Why just think, if I had never been enlightened on the war question, and my two boys in the service of their country, how I would have been feeling all this time."

We are humbly and genuinely glad that we have been able to bring such comfort to such parents throughout a wide area, based on both reason and revelation. We know of many who feel as this father feels and some of them have "changed since Pearl Harbor." If a man can think at all a thing like Pearl Harbor ought to stimulate him to do a little of it.

* * * *

A sister over Georgia way is quite irritated. She points a point at us and snaps: "I have written you three letters on this point and got no answer." I did not see the "three letters," so I take it that they found the editor's desk. It possibly never occurred to the lady that the editor is a busy man, travels extensively and preaches two or three times each day and finds it a big task to do the necessary work of getting the paper out on time. He could not possibly give his personal attention to all this sort of personal correspondence, even if he were so inclined, and querists were thoughtful enough to include postage for reply. Since her letter is quite typical of the attitude and thinking of some very persistent people, it may be worth a look-see. She reminds us that we must "seek first the kingdom of God—and all these things shall be added unto you." Then she tosses this at us.

"How can a soldier on foreign soil or at home either, seek first the kingdom of God? Do you teach as others always have that it is sinful to forsake' the assembly on the Lord's day for any reason whatsoever except sickness of your own body? Do you know of Christians who have left corpses of loved ones at home and have sought the Lord's appointment at his table on Lord's day? I have. Does first' indeed mean second? How can Christians get off from Lord's day worship long enough to go to war? Now if you can't answer, this or don't want to because I'm a woman, then don't answer. But if you do not care to answer this, cancel my subscription to your paper."

I feel under no obligation to answer questions under threat, and since the sister displays more temper than a desire for information, I'm not certain that anything I might say would be satisfactory to her. However, some may be benefited by some general observations I am moved to make in the way of setting forth some general principles. Difficulties often arise in the course of human life which are not easy to dispose of with finality. There are times when I do not feel the urge to be dogmatic. Most any woman, for instance, can put posers to me in the way of questions that I cannot answer fully right off the bat. It is always deplorable when situations arise that make it impossible for Christians to be in "the assembly on the Lord's day." Such situations do arise. In such cases they have not "forsaken" the assembly. They simply are unable to attend. This is true in the case of "sickness of your own body," as the lady expresses it. It would be well for some to look up the meaning of the word "forsake." Yes, I have known people who have left corpses of loved ones and attended worship on the Lord's day. I have admired their courage and faith. Yet, should a grief stricken mother remain beside the body of her child, I would not be Pharisee enough to criticize her for it. Some critics can be quite hard-hearted in the name of loyalty. Even the strict legality of Moses allowed exceptions in the case of sabbath observance for certain emergencies and cases of mercy. A Christian, if need be, can "get off from the Lord's day worship long enough" to save a life, put out a fire that threatens life and property, or even pull an ox out of a ditch. The Lord's supper is not a sacrament. It should not be neglected, forsaken, nor is it something to be fanatical about. A Christian in the army should make every reasonable effort to break bread with other disciples on the Lord's day, just like Christians outside the army should. Many of them do so. When conditions are such that they cannot they are just like some Christians on the outside who cannot. Some Christian boys will undoubtedly have to be absent from some Lord's day meetings to keep the Japs and the Huns from taking charge of this country. If some feel capable of criticizing them for so doing, just leave me out of it. I'm not built that way. I think I know what a time we would have meeting at all if those pagan barbarians were in charge of this country. If some emergency arises where it is necessary for the Georgia lady to turn in a fire alarm, call a doctor or the police instead of "going to church," I do not think she will be charged with "forsaking" the assembly for any such reason.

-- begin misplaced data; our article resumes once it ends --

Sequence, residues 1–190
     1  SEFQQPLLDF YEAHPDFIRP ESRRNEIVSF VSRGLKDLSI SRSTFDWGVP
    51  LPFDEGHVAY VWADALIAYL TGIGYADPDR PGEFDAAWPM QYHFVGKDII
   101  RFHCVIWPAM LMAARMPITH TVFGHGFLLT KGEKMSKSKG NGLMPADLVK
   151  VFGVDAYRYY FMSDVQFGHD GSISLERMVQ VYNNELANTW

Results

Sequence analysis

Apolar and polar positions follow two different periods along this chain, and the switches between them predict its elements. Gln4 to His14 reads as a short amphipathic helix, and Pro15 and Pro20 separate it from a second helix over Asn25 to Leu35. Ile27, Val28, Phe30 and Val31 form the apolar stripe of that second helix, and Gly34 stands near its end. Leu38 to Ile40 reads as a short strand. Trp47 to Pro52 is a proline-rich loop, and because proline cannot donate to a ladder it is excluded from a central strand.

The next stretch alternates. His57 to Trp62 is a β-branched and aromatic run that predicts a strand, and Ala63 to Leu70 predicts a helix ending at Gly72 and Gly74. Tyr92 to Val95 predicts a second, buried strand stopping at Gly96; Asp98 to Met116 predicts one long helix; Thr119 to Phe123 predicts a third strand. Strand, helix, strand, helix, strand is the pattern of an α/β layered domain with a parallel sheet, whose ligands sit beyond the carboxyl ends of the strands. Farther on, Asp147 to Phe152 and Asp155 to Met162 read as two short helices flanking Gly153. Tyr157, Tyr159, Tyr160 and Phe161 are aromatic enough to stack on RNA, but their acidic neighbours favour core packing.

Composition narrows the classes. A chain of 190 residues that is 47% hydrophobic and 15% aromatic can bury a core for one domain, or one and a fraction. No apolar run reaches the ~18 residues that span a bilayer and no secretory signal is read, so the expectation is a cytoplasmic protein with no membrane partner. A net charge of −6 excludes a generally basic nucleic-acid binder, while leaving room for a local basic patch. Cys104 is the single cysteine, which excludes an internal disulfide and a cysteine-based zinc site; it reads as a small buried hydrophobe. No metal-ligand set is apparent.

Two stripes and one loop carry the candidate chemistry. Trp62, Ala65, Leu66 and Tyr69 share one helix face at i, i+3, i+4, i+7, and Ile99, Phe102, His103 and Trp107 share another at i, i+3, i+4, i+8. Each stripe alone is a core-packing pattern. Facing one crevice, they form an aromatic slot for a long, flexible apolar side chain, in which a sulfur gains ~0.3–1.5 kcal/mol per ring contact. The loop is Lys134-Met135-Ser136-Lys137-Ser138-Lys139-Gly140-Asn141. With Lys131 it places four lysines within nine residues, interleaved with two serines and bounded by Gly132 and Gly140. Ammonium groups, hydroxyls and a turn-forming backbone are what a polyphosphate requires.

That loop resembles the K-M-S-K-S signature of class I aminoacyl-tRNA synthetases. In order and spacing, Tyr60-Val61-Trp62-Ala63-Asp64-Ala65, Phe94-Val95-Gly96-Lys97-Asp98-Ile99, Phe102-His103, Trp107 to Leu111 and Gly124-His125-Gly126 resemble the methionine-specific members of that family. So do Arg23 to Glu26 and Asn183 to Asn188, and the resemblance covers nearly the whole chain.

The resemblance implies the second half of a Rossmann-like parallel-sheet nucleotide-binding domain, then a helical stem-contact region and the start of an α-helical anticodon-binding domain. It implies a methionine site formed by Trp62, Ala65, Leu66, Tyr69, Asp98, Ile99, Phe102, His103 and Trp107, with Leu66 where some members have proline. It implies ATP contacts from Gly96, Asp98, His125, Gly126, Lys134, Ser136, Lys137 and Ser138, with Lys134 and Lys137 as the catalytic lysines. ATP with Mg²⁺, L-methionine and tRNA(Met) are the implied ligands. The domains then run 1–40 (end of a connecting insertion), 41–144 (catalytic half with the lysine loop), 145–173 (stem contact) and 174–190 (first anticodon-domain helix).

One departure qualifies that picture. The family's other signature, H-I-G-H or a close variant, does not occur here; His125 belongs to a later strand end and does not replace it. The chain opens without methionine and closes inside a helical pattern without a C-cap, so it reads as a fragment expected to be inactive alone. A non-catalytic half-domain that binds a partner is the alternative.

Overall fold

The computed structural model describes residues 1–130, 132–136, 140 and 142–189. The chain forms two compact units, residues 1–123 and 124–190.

* * * *